Boris on course for victory

Final poll puts Boris six points ahead of Ken but Labour leads by 10 points in the London Assembly.

Boris Johnson is on course for another four years in City Hall. That's according to the final YouGov poll on the London mayoral election, which gives Boris a six-point lead over Ken Livingstone (53-47 per cent) once second preferences have been allocated. In the 2004 and 2008 mayoral elections, YouGov predicted the result to within one per cent, so it would require a dramatic upset for Ken to win.

Indeed, so inevitable does a Boris victory now seem (Paddy Power has already paid out £20,000 to the punters) that some Conservative strategists fear an adverse effect on Tory turnout, allowing Ken in through the back door. When all responses are taken into account (rather than those of people "certain to vote"), the final round is a dead heat between Boris and Ken with both on 50 per cent.

Yet while Ken is struggling, Labour is thriving. The party enjoys a 13-point lead in London (47-34 per cent) and a 10-point lead over the Tories in the London Assembly election. If Boris wins, it will be in spite of the fact that he is a Tory, rather than because he is. In a country where his party trails Labour by 10 points, he is that increasingly rare thing: a popular Conservative.

Olympic performance? Boris Johnson stands on the high board with athlete Tom Daly during a visit to the Olympic Aquatic Centre on January 9, 2012 in London Photograph: Getty Images.

George Eaton is political editor of the New Statesman.

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The Home Office made Theresa May. But it could still destroy her

Even politicians who leave the Home Office a success may find themselves dogged by it. 

Good morning. When Theresa May left the Home Office for the last time, she told civil servants that there would always be a little bit of the Home Office inside her.

She meant in terms of its enduring effect on her, but today is a reminder of its enduring ability to do damage on her reputation in the present day.

The case of Jamal al-Harith, released from Guantanamo Bay under David Blunkett but handed a £1m compensation payout under Theresa May, who last week died in a suicide bomb attack on Iraqi forces in Mosul, where he was fighting on behalf of Isis.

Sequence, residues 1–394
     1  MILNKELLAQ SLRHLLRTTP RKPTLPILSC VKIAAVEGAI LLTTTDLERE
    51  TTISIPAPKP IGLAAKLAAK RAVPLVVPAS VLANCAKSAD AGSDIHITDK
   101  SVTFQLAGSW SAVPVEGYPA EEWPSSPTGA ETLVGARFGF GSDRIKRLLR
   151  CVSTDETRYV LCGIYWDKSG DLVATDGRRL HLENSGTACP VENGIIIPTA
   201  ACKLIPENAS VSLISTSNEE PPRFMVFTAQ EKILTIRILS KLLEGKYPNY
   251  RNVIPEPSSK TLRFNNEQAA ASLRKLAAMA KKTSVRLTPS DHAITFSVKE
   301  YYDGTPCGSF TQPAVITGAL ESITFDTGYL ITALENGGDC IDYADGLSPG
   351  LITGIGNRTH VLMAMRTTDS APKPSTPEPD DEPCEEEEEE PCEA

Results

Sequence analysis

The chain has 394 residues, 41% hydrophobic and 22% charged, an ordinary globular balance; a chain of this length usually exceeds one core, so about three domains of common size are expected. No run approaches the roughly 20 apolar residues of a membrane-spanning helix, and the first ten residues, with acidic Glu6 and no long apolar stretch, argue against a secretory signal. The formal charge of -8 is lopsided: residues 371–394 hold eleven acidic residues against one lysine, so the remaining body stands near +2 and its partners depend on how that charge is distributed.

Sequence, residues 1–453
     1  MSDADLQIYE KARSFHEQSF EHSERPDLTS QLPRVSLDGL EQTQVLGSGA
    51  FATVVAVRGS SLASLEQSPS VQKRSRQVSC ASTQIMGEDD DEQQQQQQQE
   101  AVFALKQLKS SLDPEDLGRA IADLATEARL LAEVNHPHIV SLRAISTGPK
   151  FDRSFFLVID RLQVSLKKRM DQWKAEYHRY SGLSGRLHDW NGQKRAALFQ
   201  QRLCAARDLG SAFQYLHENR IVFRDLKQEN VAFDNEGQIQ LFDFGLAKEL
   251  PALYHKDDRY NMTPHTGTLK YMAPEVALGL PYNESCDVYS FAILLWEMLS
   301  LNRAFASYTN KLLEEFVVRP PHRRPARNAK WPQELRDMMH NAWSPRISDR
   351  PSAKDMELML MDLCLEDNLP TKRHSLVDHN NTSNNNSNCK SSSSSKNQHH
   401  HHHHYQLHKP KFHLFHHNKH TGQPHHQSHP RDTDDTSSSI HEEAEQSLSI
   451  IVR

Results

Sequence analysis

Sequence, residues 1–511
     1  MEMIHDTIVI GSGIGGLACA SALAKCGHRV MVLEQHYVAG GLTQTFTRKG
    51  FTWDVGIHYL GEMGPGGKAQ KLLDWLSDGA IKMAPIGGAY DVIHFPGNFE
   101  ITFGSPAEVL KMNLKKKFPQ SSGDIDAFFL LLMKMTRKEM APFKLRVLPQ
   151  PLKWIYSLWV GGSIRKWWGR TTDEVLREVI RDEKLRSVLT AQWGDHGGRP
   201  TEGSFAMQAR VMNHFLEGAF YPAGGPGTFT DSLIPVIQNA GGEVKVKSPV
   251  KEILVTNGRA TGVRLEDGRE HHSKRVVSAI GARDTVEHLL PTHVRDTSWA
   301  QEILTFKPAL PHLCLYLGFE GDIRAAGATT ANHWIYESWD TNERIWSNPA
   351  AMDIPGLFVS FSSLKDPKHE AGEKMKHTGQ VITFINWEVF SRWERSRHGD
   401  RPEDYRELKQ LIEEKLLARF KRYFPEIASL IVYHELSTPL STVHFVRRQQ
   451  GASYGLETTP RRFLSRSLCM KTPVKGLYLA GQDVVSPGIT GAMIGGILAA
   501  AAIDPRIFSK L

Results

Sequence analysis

For all Blunkett left in the wake of a scandal, his handling of the department was seen to be effective and his reputation was enhanced, rather than diminished, by his tenure. May's reputation as a "safe pair of hands" in the country, as "one of us" on immigration as far as the Conservative right is concerned and her credibility as not just another headbanger on stop and search all come from her long tenure at the Home Office. 

The event was the cue for the Mail to engage in its preferred sport of Blair-bashing. It’s all his fault for the payout – which in addition to buying al-Harith a house may also have fattened the pockets of IS – and the release. Not so fast, replied Blair in a punchy statement: didn’t you campaign for him to be released, and wasn’t the payout approved by your old pal Theresa May? (I paraphrase slightly.)

That resulted in a difficult Q&A for Downing Street’s spokesman yesterday, which HuffPo’s Paul Waugh has posted in full here. As it was May’s old department which has the job of keeping tabs on domestic terror threats the row rebounds onto her. 

Blair is right to say that every government has to “balance proper concern for civil liberties with desire to protect our security”. And it would be an act of spectacular revisionism to declare that Blair’s government was overly concerned with civil liberty rather than internal security.

Whether al-Harith should never have been freed or, as his family believe, was picked up by mistake before being radicalised in prison is an open question. Certainly the journey from wrongly-incarcerated fellow traveller to hardened terrorist is one that we’ve seen before in Northern Ireland and may have occurred here.

Regardless, the presumption of innocence is an important one but it means that occasionally, that means that someone goes on to commit crimes again. (The case of Ian Stewart, convicted of murdering the author Helen Bailey yesterday, and who may have murdered his first wife Diane Stewart as well, is another example of this.)

Nonetheless, May won’t have got that right every time. Her tenure at the Home Office, so crucial to her reputation as a “safe pair of hands”, may yet be weaponised by a clever rival, whether from inside or outside the Conservative Party. 

Stephen Bush is special correspondent at the New Statesman. His daily briefing, Morning Call, provides a quick and essential guide to British politics.